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Time was when George Bernard Shaw’s effervescent comedies of ideas were seen on Broadway with fair regularity, but those days are long past. All the more reason, then, to praise David Staller, the artistic director of Project Shaw, a long-running series of semi-staged concert readings of the playwright’s 60-odd shows. In addition to Project Shaw, Mr. Staller’s Gingold Theatrical Group presented fully staged small-scale off-Broadway versions of “Heartbreak House” in 2018 and “Caesar and Cleopatra” in 2019, and now they’re doing “Mrs. Warren’s Profession,” which hasn’t been seen anywhere in New York since the Roundabout Theatre Company mounted it 11 years ago. The production is completely satisfying, and the play gains immeasurably from up-close presentation (it is being performed in one of Theatre Row’s six 88-seat houses).
Mrs. Warren’s “profession,” which could only be alluded to by stealth and with carefully chosen synonyms when Shaw wrote the play in 1893, is prostitution….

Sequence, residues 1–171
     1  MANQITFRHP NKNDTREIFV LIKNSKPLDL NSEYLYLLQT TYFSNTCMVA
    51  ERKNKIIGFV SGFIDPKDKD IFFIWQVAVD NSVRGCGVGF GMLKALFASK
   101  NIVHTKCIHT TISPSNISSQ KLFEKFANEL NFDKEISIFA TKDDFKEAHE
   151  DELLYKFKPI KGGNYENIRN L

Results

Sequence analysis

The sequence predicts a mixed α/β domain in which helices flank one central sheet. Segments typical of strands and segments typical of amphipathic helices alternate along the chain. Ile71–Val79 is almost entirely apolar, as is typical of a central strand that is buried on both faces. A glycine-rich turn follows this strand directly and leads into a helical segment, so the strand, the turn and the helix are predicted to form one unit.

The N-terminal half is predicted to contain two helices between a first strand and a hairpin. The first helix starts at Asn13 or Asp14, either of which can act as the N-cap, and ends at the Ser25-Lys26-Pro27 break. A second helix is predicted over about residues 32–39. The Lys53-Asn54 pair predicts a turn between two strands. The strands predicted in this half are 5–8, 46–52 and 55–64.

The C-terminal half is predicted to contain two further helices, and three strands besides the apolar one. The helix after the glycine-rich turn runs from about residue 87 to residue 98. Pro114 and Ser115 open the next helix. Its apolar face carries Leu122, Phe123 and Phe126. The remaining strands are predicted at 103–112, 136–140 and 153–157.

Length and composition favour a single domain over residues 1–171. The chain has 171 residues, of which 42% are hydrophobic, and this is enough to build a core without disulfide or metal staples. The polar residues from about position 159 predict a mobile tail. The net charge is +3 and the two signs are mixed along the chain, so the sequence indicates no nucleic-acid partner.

The Roundabout Theatre Company is putting on a jumbo remount of the Michael Longhurst-directed West End revival of “Caroline, or Change,” the 2004 Tony Kushner-Jeanine Tesori musical about an angry, frustrated Louisiana maid (played with magnetic authority by Sharon D Clarke) and the eight-year-old Jewish boy who adores her. Set in 1963, right around the time of the Kennedy assassination, the semi-autobiographical “Caroline, or Change” portrays an inflection point in the civil-rights movement in a style not far removed from magic realism (Caroline’s washer and dryer both sing).
“Caroline, or Change” is one of the most widely admired musicals of the current century. I didn’t share that view when it was new, though, and haven’t changed my mind 17 years later….
* * *Read the whole thing here and here.